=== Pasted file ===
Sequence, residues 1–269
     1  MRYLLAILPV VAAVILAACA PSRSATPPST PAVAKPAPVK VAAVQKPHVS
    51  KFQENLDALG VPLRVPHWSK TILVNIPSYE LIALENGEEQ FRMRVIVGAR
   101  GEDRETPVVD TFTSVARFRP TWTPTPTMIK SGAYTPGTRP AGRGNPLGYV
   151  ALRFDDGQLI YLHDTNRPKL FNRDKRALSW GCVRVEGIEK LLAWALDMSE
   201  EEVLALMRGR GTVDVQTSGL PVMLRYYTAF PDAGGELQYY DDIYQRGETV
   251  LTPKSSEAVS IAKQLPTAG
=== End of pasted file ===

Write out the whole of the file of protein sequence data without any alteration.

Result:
Sequence, residues 1–269
     1  MRYLLAILPV VAAVILAACA PSRSATPPST PAVAKPAPVK VAAVQKPHVS
    51  KFQENLDALG VPLRVPHWSK TILVNIPSYE LIALENGEEQ FRMRVIVGAR
   101  GEDRETPVVD TFTSVARFRP TWTPTPTMIK SGAYTPGTRP AGRGNPLGYV
   151  ALRFDDGQLI YLHDTNRPKL FNRDKRALSW GCVRVEGIEK LLAWALDMSE
   201  EEVLALMRGR GTVDVQTSGL PVMLRYYTAF PDAGGELQYY DDIYQRGETV
   251  LTPKSSEAVS IAKQLPTAG